The unpredictable behavior of the Volvo 70 demands a helmsman's full attention. In its second, generation it is a more powerful machine, especially in light to moderate winds given the allowance for a masthead Code Zero. On these boats, unlike the Whitbread 60s before them, the apparent wind is rarely-if ever-from behind. With the apparent wind forward, spray and walls of water sweeping into the cockpit is relentless. Turn the boat low to catch a break and you're sailing in the wrong mode. Even when the true-wind angle is at 140 or so, the boats are going so fast that the apparent wind is coming from 60 to 80, so the water is still coming straight into the cockpit.

"You can never rest," says Olsson. "As soon as you try to get sheltered you go low and it lacks performance. You have to be very aggressive all the time."

When the boat is toeing the line between control and high-speed wipeout, the veterans-like Mutter and his teammate Stuart Bannatyne, who's considered one of the best downwind drivers in the fleet, tap into the helmsman's sixth sense.

"There are certain times at speed when you instantly lose your other senses," says Mutter. "Even if you're wearing a helmet you can't see because there's a wall of water coming at you, you can't hear and the only thing you can rely on are the two feet you're standing on to get the feeling of your feet on the boat, and sometimes that's all you can do to steer it to speed-you have to feel the heel angle of the boat."

Turn off the lights and it gets insane.
"You'll be sailing along at 30 knots in the middle of the night and you can't see the instruments or wind angle, but you do know the heel," says Mutter. "Say you're sailing VMG and you're heeling at 8 degrees, you know what that feels like and then you're going around the waves you know what the upper and lower heel limits are."

Gusts are virtually invisible at night and it's impossible to anticipate them. Sometimes, says Calafat, it's impossible to bear away to bleed off the speed if you're caught with too much sail area. "You want to slow down a little bit, but it's not an option. In these moments you need to be very concentrated to keep things from going very wrong," he says. "You can break a sail or something much worse, which you can't afford to do in this race."

When conditions are at their extremes, the average turn on the helm is much shorter than it was in previous races. Two hours at high speed is about max, says Mutter. It's harder to steer these boats fast for long periods of time, especially at certain wind angles. "You know when you're stale and it's time to get off. It gets obvious. Someone might come up on deck and give you a bit of a look. But some days you're on and some days your off-it's like that for everyone."

As much as the race is portrayed by its organizers as a high-speed downwind thrashing, the new route, which takes the fleet to India and China, will be heavily played out on the lighter, more unstable equatorial latitudes, putting a premium on light-air driving skills as well. With masthead Code Zeros, and multiple headsails, the Volvo 70 needs less than 10 knots to be sufficiently powered, but getting quickly through the inevitable drifting spells can be just as mind bending as a blitzing 24-hour record run. Concentration and patience don't come easy to those accustomed to high-speed sailing.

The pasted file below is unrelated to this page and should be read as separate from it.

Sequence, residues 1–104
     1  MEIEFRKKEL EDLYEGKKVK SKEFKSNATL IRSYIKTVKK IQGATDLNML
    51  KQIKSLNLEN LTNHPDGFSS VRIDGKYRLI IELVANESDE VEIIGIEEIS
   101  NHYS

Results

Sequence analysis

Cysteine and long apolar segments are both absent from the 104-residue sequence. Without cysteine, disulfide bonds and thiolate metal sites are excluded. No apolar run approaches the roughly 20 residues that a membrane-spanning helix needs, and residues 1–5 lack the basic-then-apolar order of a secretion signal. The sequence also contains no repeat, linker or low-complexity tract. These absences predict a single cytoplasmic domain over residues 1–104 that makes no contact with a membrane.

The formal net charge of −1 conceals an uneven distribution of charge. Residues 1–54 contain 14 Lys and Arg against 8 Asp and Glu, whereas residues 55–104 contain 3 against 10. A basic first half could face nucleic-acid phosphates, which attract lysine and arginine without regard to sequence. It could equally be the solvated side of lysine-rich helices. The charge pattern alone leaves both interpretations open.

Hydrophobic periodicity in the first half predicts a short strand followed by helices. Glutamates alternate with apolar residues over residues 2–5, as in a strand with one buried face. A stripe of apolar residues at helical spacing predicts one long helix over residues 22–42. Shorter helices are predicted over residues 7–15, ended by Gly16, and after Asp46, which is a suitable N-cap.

"Different people excel in different conditions," says Olsson. "Someone who is better in light air might be more relaxed and they can sit there and be patient. Some have the personality of being eager and have a lot of aggression and they're often better in stronger winds, but you must have both."

Ericsson's International team has a long talent queue stepping behind the helm, including skipper Torben Grael who comes with five Olympic medals and a Volvo race under his belt. His Brazilian entry in the 2005-'06 VOR was his first foray into serious offshore racing, and given the small scale of his campaign, he showed he is perfectly capable of leading a winning entry. His starting line up includes Mutter and Brad Jackson, both cherry picked from ABN AMRO One, and Stuart Bannatyne, one of the best in the business. Race veteran Horacio Carabelli, 40, and 30-year-old Brazilian Olympic Finn standout Joao Signorini, who sailed with Grael's challenge in the previous race, bring aged wisdom and youthful experience.

Olsson, who will lead a young inexperienced all-Nordic Ericsson team, pegs Grael's squad as that with the greatest potential.

"I have a hard time seeing anyone beating them-they're so very skilled," he says. "They have five very good helmsmen and that's a good thing to have."

In the same breath, he calls out the Spaniards on Equipo Telefonica Black as their most formidable foe. Skipper Bouwee Bekking left his last Volvo campaign on the bottom of the North Atlantic so he's got unfinished business. His young Olympians know nothing but speed, and they won't rest until they get it.